This post was originally published in my old travel blog, Erudite Traveller on 05 December 2017.
Mashhad, Iran’s spiritual capital and second largest city is located more than 900 kilometers to the northeast and borders Afghanistan and Turkmenistan. This made Mashhad the perfect entry point to my next destination: the ancient Achaemenid satrapy and Seljuk Turk citadel of Merv (Margiana), Turkmenistan.
Although not a usual tourist destination for foreigners and non-Muslims, Mashhad is actually a famous site for Shia Muslims worldwide. Devotees flock to Mashhad’s Imam Reza Shrine by the millions during Muharram, the first month of the Islamic calendar, especially during the holy day of Ashura, the tenth day of Muharram, when more than seven million Shia Muslims visit the city.
I was (by accident) in Mashhad the day after Ashura on my way to cross the Iran-Turkmenistan border in Sarakhs, another silk road city.
Based on my short stay and some interaction with locals, Mashhad is more conservative than Tehran, even more than the nearby Kang Village in the countryside (read about my trip to Kang Village here). I was advised that my usual Iran outfit consisting of headscarf, loose-fitting long-sleeved shirt, sweater, and pants would elicit unwanted attention. Luckily, the wife of my homestay host let me borrow her spare black mantou, a loose, long-sleeved, opaque dress that falls below the knee.
Most women in Mashhad wear the black chador, the only acceptable mode of female dress in holy sites. In fact, I was barred from entering the Imam Reza complex wearing only my mantou. The ladies facilitating entry into the complex were nice enough to help me borrow a chador from the shrine guards. I was given a pink one. So it was more acceptable to wear a pink chador than a black mantou.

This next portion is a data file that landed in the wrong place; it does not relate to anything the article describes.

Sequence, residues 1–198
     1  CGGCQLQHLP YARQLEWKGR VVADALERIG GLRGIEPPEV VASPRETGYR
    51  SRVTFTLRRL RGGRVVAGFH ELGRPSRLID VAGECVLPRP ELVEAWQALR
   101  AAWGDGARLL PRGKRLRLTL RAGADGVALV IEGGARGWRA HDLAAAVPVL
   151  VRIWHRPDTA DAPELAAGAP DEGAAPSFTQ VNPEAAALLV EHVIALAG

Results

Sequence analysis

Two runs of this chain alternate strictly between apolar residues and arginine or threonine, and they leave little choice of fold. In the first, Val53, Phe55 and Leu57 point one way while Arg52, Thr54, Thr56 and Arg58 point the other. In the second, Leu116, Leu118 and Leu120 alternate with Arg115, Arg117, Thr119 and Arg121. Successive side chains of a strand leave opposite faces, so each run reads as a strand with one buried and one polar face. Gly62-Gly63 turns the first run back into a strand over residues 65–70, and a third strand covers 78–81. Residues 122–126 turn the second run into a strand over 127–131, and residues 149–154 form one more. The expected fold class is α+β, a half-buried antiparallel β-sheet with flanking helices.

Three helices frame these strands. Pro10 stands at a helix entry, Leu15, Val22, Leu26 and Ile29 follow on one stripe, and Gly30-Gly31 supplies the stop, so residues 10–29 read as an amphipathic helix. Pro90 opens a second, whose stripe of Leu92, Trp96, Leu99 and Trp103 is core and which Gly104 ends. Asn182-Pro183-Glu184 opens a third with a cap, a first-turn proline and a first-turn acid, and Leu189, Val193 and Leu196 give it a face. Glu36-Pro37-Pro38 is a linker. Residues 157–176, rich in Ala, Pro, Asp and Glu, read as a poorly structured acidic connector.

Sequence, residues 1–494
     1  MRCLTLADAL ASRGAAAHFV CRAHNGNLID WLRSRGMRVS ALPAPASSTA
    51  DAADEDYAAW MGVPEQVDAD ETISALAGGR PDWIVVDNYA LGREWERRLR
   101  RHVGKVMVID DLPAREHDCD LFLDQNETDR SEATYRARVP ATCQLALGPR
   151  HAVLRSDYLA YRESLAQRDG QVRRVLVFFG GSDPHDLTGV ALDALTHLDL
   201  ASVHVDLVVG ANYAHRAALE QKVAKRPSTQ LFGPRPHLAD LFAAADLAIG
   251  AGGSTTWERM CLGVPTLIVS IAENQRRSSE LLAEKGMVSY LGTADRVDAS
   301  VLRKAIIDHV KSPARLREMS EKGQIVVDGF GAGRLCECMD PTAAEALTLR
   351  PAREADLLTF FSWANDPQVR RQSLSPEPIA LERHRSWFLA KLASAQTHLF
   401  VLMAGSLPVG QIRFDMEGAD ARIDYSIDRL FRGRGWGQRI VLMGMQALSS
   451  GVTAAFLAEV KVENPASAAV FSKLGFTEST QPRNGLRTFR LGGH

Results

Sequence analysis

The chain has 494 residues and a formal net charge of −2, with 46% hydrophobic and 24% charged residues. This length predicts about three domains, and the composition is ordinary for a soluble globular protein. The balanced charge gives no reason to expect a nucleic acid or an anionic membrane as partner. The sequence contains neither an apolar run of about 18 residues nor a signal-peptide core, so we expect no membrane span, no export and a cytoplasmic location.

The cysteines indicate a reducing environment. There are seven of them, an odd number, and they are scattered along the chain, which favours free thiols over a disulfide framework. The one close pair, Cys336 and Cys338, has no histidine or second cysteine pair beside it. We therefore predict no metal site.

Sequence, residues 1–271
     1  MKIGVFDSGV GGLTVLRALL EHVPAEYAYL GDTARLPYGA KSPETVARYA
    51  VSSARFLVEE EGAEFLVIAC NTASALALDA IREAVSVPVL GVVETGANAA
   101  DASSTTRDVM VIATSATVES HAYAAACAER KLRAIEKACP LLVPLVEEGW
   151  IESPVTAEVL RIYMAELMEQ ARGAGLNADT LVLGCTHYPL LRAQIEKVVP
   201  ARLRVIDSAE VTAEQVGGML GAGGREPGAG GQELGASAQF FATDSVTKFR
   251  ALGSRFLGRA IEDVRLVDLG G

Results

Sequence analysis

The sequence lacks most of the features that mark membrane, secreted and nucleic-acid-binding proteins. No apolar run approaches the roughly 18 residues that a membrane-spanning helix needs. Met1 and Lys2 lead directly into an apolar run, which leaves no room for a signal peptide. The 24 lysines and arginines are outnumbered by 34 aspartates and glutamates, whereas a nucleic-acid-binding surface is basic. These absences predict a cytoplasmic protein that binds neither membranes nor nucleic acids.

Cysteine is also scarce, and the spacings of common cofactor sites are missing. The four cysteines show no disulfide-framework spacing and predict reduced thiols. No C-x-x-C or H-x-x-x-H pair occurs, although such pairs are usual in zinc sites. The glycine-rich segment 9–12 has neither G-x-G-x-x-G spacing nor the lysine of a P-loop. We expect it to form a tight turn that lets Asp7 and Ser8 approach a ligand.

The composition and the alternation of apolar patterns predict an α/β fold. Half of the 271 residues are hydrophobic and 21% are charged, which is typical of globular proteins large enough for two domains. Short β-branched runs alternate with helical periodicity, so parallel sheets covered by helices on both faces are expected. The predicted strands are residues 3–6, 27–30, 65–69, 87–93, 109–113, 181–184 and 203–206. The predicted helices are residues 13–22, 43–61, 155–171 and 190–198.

Like any big city, Mashhad has its fair share of an increasing number of department stores, health clubs, and water parks as well as bungee jumping and zip lining facilities for its than 14 million annual (and growing) tourists.
The Holy City of Mashhad
The city had seen its fortunes rise and fall as the balance of power between rulers in the region shifted. Due to its location in the crossroads of Central Asian steppes and Afghan mountains, it had been alternately occupied and sacked by Persians, Turks, Uzbeks, Mongols, and Afghans.
Mashhad flourished under the rule of the Afsharids in the 16th century when it was made the dynasty’s capital city.
Mashhad is home to the Imam Reza complex, the largest mosque complex in the world. It contains fourteen minarets, seven courtyards, three fountains, two museums, the Goharshad Mosque, and the holy shrine of Imam Reza.
Imam Reza, a descendant of the prophet Muhammad and the eighth Shiite imam, died (poisoned) and was buried in the village of Sanabad in 818 CE. Since then, his burial site has become a place of pilgrimage for Shias, which started naming it Mashhad, meaning place of martyrdom.
The famous fifth Caliph Haroun al-Rashid, the protagonist of several stories in A Thousand and One Nights (he was usually referred to as the Caliph), was buried in Sanabad.
Getting to Mashhad from Tehran
There are a lot of flights connecting Tehran’s Mehrabad Airport and Mashhad International Airport. The flight takes less than 1 hour and usually costs less than USD 100. I got mine for less than USD 60.
Book your trip through Momondo since Skyscanner, Expedia, and other similar services do not list flights within Iran.
Where to Stay in Mashhad
Most foreigners and backpackers staying in Mashhad on their way to neighboring countries stay in Vali’s Non-Smoking Homestay.
Vali and his son Reza are fluent in English and conversant in French so communication is no problem, a huge issue when staying in Mashhad’s numerous (and I have to say, posh) hotels.
Vali also offers other services such as assistance in getting Turkmen and Uzbek visas, airport pick-up, tours, and transport to the border. His wife’s cooking is amazing.
Visiting the Imam Reza Shrine
Due to the holidays, (also, I arrived there at 9 p.m.) the free Imam Reza complex tour for foreigners was cancelled. The kind ladies facilitating entrance into the complex helped me borrow a chador and ushered me inside to find my own way.